North Carolina Lakes Information Guide - North Carolina smallmouth and largemouth bass fishing guide to Lake fontana, Bear Creek and Lake Glenville.
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North Carolina Lakes Information Guide
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FONTANA LAKE - An Experience of Nature's Beauty

Fontana Lake could be called the best-kept secret in the Smoky Mountains. Just consider a 29-mile long lake, with more than 240 miles of shoreline and 11,685 acres of water surface. Its deep, cold waters provide ideal habitat for a variety of fish. In fact, record size musky and walleye have been pulled from its depths. Some people even claim that it's one of the best smallmouth bass lakes in the country. It's one of the prettiest lakes I've ever been on, and I've been on one or two.

Fontana is unique in many ways. Unlike most lakes in the area, the shoreline of Fontana is almost totally undeveloped. More than 90 percent of the land around the lake is owned by either the Great Smoky Mountains National Park or the US Forest Service, and all development has been kept to a minimum. Only a few marinas exist and almost no homes are other structures can be seen anywhere. With no development, Fontana's waters and shorelines are clean and undisturbed by man. In fact, we could only identify 4 decent ramps and they were all maintained by the Forest Service.

Fontana Dam itself is an engineering marvel. When completed in November 1944, to produce electricity to help the country out with its unpleasantness with Germany and Japan, the 480-foot high dam is the highest in the Eastern United States and the fourth highest in the entire country. Here are a few facts:
  • Height: 480 feet.
  • Length: 2,365 feet.
  • Thickness at base: 376 feet.
  • Power: Three generating units with a total capacity of 250,000 kilowatts.
  • Construction started: January 1, 1942.
  • Start to fill reservoir: November 7, 1944.
  • First electricity generated: January 20, 1945.
  • Project cost: $74.7 million.
  • Drainage area: 1,571 square miles.
  • Reservoir size: 11,685 acres.
  • Shoreline: 240 miles.
  • Man-hours to build: 34.5 million.
  • Total concrete poured: 2.8 million cubic yards.
  • Annual area rainfall: 75-80 inches.
We approached fishing Fontana on its lower end a few miles above the dam. Launching out of the Cable Cove facility, one of the Forest Service concrete ramps, we took a look at the depth finder. Sure enough, it was deep!! Step a few feet off most any shoreline and you would be in 70-90 feet of water; a LOT more out in the channel areas. And, the water was exceptionally clear, with lure visibility to 15-18 feet in most places.

Knowing this depth and water clarity would be tough, and not wanting to fish 30-50 feet deep, we headed for the back of the first big feeder creek on our map - Hazel Creek on the north side of the lake.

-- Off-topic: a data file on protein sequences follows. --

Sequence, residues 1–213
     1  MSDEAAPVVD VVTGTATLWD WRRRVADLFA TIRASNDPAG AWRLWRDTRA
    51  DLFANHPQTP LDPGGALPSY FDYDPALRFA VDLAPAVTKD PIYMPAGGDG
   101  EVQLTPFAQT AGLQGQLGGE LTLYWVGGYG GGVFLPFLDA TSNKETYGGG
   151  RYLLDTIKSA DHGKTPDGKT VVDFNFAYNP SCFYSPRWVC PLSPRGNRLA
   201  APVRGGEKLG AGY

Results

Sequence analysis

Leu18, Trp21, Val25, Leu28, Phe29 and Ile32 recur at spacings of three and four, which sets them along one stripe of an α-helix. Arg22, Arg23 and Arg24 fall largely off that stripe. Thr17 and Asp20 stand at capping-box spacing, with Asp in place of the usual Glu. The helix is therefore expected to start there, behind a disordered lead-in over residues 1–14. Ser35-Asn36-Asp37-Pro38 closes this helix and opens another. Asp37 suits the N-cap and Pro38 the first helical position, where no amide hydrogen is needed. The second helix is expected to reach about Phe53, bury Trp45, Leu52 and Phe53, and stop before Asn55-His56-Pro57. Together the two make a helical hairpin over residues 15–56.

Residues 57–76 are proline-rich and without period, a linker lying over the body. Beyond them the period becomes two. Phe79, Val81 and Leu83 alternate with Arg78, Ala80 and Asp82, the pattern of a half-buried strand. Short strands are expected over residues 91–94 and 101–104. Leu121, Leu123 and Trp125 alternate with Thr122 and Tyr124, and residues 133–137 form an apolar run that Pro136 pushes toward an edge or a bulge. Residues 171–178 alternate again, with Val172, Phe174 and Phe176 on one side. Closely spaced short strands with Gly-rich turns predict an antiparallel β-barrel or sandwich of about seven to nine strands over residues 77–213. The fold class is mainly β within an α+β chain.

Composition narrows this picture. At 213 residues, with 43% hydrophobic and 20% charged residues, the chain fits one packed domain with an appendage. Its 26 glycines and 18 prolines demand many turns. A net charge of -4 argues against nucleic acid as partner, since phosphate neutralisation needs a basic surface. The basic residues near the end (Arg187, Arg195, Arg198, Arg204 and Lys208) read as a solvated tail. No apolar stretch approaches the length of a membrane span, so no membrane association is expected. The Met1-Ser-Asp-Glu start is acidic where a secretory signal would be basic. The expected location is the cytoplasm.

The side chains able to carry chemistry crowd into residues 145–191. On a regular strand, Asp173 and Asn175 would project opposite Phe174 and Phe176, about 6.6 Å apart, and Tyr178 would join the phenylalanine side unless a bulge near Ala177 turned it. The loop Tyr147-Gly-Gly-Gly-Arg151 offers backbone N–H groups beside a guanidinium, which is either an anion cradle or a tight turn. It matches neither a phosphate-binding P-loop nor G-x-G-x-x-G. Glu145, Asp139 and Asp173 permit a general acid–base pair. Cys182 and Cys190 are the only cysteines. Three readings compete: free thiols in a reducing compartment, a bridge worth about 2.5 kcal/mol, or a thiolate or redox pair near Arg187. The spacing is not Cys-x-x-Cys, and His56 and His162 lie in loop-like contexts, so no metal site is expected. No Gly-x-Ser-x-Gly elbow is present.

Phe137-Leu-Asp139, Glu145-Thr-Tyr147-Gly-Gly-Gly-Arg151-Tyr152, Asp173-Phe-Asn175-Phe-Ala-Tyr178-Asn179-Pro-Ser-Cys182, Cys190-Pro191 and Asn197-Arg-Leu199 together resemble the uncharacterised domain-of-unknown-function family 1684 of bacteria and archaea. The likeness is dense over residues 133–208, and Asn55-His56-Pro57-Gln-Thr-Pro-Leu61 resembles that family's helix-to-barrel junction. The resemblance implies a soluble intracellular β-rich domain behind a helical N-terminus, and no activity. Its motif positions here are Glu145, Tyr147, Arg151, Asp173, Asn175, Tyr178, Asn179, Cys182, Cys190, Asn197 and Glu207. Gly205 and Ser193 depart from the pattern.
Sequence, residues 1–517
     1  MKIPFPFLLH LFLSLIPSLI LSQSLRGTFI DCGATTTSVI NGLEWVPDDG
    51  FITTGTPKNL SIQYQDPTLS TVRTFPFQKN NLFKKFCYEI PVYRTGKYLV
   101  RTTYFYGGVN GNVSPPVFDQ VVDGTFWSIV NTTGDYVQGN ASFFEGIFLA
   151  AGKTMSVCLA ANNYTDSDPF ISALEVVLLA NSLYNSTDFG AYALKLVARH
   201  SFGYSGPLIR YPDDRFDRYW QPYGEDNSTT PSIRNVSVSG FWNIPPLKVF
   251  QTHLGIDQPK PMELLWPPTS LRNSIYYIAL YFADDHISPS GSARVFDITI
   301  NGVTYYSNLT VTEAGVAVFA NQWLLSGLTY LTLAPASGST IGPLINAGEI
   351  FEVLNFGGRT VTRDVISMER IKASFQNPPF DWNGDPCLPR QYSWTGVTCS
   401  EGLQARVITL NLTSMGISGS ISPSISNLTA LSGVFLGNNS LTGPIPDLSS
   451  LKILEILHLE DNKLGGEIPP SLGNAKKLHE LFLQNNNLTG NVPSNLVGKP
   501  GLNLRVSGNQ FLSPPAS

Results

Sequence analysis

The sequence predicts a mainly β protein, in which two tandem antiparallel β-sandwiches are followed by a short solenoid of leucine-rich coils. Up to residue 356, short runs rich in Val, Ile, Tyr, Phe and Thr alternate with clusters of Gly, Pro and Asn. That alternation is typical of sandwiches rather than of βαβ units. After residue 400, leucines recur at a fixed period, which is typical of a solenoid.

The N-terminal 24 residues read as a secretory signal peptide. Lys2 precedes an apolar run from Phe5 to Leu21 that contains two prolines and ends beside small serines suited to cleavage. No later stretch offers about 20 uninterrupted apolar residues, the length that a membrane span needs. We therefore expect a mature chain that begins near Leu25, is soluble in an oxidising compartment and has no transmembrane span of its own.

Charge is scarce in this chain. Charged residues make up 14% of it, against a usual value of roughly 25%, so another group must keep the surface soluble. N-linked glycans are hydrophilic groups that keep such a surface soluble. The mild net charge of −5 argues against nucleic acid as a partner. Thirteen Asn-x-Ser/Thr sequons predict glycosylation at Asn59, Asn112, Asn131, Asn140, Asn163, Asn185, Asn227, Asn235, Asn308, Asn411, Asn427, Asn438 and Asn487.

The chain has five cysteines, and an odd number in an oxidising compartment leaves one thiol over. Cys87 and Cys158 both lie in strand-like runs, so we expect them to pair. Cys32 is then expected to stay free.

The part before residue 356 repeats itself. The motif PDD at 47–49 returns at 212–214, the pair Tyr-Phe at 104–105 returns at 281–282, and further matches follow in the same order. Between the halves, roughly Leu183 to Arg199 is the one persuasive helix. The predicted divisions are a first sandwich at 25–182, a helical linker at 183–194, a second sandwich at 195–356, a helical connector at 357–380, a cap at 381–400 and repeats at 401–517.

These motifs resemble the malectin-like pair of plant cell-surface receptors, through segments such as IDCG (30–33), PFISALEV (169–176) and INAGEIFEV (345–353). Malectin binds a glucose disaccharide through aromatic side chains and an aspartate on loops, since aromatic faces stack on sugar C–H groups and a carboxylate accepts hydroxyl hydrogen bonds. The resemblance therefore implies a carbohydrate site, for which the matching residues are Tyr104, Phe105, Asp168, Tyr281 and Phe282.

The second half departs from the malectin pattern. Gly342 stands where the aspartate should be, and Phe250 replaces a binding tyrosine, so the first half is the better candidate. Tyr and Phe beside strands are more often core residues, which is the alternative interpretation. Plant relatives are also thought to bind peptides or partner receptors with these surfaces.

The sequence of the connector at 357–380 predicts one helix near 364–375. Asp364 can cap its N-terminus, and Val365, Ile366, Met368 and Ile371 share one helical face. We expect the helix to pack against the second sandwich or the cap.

Thank goodness for prior experience on these types of water. Our decision to go to the back of the feeder tributaries paid off and gave us a largemouth pattern to work with.

Most of the feeder creeks had running water, tumbling out of the mountainsides and down through the many small gullies. In most cases, there were visible rock masses that the water ran over just before it dumped into the main lake waters. And, there was always some cover at the rear of the tributary in the form of bushes, trees or drift.

The accompanying photo shows the standing timber and accumulated drift at the back of Hazel creek. With this cover and shallow water, the start of the creek channel, and the moving water, we found largemouth bass in pretty fair numbers. Interestingly, we saw more bass there than we caught, as they seemed to move about in and about the available cover with disdain for the boat and us. Of the many we saw, none appeared to be over 2 pounds. Small 4-inch worms were all we could get them to take.

Chambers Creek, Eagle Creek, Forney Creek, Hazel Creek, Lands Creek, Nolands Creek, and Pilkeys Creek are some of the other major tributaries that feed Fontana Lake. Pilkeys Creek was another location on the north side and a few miles further upriver that was productive for largemouths.

Small jigs and worms also worked out on points and any structure (high spots/mounds) at reachable depths. However, these fish were nearly always smallmouths.

We did not try for trout or any other species of fish, but did see what appeared to be a pike take a swipe at a lure coming to the boat on one occasion.

The next time we visit Fontana, I think it would be best to address the upper end, close to the Byron City area, where we can reduce the ratio of water to land and reduce the depth a bit. That should allow us to cover more potentially productive locations and reach more submerged structure.

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A common question that we get: "Is there somewhere close to get bait and tackle?" This is where we get our bait.

Pete and Tina Heinz / 9 South Mulberry St. / Fellsmere, FL 32948 / 772-571-9855

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